The Reading Room

A Sport and a Pastime

Review of James Salter’s “A Sport and a Pastime”…

James Salter had written two previous novels and yet, in this, his third, he struggled to find a publisher for what would become his best known work. Taken up by The Paris Review, A Sport and a Pastime was published in 1967 and quickly became a cult erotic classic. But to call it an erotic novel would, perhaps suggest it is little more than a series of detailed sex scenes. It isn’t.

Written from the viewpoint of a non-descript third party acting as a voyeuristic observer, it tells the story of an American dropout called Philip Dean who drinks his way across Paris and the French provinces on the back of handouts whilst enjoying the fruits of Anne-Marie, a young French girl he takes from the clutches of a black American G.I. What ensues is a journey from lust into love and how both sexes view the relationship as it unfolds.

It is a relationship driven by sexual attraction and on that basis we can assume the foundations for longevity are shaky. Dean is consistently at odds with his lot, the lines between reality and the fantasies of the unnamed narrator become blurred whilst the bleak truth of sexual liaisons are laid out in stark and honest prose. Anne-Marie is a beauty but the author gives her bad breath and a poor background and between their physical encounters Dean is irritated by her, following a blow-out meal he cannot afford, she vomits it all back up and Dean’s sole concern is to find nobody is watching. It is, at times, the stuff of our own embarrassing, retrospective acknowledgment, moments in our past of pain and regret. For Dean it is the knowledge that the only tie that binds is a sexual one and once that breaks he is off, back to America and a tragic finality.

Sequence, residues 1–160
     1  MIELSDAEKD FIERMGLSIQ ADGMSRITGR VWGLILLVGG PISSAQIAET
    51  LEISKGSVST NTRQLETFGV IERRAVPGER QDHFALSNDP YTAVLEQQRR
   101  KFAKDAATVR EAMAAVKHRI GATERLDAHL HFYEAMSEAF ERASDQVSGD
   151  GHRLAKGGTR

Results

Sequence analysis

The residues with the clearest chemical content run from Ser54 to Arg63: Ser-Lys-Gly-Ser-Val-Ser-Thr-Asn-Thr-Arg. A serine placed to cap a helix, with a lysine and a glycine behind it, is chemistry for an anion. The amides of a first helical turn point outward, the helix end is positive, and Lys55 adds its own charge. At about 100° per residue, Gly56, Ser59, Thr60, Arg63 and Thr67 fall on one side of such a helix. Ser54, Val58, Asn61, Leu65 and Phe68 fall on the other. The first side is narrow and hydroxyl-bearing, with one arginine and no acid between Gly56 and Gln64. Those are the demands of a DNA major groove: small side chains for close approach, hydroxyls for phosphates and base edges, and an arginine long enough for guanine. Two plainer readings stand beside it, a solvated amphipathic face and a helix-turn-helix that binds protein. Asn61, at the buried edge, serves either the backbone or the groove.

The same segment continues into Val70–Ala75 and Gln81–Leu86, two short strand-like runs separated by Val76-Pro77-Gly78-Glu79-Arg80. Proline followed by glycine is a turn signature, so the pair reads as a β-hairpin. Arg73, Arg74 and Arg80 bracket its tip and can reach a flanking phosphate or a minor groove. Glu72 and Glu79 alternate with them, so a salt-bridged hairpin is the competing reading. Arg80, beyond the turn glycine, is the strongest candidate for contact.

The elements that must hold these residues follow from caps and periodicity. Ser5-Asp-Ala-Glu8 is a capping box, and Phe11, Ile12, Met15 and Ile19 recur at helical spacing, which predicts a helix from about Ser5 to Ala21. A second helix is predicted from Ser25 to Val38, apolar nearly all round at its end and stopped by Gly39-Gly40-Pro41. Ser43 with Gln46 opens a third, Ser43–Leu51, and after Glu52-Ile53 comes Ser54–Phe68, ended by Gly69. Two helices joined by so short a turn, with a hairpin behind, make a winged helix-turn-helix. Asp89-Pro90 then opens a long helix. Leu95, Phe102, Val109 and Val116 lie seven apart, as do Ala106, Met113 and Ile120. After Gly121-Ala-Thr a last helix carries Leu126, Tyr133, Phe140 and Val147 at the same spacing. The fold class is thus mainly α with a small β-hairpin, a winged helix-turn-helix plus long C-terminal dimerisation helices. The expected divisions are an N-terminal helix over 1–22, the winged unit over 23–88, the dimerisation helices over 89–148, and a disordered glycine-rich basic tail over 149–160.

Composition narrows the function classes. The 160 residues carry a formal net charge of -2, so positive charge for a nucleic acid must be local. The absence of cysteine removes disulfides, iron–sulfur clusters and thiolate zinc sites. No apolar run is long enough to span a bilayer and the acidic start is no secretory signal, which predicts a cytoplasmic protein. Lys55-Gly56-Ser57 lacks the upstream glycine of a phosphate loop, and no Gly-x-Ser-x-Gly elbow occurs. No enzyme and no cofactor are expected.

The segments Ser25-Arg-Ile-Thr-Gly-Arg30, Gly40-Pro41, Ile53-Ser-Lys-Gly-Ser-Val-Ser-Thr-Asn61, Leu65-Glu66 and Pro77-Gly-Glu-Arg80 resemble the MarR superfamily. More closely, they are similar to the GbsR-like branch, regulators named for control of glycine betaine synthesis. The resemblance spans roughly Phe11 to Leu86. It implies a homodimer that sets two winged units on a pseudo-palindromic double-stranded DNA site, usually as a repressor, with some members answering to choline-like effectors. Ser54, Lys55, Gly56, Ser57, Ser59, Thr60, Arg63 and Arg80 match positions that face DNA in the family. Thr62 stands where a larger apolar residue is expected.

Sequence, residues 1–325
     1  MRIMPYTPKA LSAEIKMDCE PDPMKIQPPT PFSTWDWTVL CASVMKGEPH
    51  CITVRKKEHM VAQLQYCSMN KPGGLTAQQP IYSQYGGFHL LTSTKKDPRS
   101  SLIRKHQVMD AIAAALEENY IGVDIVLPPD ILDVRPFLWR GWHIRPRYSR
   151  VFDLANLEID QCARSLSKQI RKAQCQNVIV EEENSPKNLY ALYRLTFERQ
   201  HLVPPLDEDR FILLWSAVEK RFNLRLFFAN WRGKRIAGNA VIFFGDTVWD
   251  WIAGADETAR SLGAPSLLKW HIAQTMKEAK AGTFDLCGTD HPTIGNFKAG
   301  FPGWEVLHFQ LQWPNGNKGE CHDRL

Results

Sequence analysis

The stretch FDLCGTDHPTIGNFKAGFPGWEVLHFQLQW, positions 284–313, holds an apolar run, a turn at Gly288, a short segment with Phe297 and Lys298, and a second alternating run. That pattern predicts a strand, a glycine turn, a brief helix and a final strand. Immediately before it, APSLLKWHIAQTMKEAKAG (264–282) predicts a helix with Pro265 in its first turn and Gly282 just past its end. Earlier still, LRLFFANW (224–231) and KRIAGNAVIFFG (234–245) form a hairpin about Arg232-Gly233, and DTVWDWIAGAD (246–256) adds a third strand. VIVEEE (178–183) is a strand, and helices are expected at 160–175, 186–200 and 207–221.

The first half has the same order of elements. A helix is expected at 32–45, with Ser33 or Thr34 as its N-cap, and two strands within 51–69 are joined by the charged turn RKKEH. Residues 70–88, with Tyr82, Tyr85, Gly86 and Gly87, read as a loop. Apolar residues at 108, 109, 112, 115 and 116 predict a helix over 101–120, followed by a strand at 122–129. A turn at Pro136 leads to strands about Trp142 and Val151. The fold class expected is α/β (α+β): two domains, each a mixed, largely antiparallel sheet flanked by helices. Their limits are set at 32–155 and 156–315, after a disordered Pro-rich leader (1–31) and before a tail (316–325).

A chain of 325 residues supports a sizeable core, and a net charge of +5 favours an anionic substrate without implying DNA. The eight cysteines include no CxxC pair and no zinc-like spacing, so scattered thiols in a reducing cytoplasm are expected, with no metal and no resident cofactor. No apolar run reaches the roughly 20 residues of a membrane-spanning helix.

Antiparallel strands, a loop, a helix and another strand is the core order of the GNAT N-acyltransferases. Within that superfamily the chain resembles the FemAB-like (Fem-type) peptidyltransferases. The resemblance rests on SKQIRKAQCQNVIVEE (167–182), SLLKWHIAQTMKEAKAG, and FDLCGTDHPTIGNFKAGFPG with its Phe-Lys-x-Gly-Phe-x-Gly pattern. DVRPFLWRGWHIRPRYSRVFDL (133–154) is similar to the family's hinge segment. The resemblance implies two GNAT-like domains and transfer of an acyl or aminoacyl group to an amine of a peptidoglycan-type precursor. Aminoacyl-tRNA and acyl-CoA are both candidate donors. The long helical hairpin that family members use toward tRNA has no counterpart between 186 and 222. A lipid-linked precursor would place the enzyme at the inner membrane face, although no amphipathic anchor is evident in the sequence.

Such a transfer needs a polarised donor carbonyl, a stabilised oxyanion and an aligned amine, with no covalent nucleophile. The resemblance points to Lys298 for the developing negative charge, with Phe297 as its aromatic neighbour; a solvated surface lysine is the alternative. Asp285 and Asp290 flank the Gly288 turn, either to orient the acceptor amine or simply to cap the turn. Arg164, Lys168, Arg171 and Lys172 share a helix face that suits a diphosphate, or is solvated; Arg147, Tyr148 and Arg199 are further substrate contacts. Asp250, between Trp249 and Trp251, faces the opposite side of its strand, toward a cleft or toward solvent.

It is a compelling piece of American fiction by an author who loved France. Salter took the premise of a whirlwind romance between two young lovers and turned it into a dark and thought-provoking appraisal of the cost of sexual gratification over love and affection. In many ways it tells those of us sufficiently long in the tooth what we already know, lust seldom trumps substance and there is usually a price to pay for it. The male characters do not come out of this with any glory, the narrator, an older man transfixed by Anne-Marie and what he cannot have fares little better than Dean who, despite his flamboyance and character is seen for what he his, a chancer. It is Anne-Marie who, despite it all, will eventually find her way. She is the definition of a post-war France, the sexual liberation of the sixties and Salter writes about those sexual encounters with the energy and abandon seldom seen since Henry Miller shook the literary world of the 1930s by its very core.


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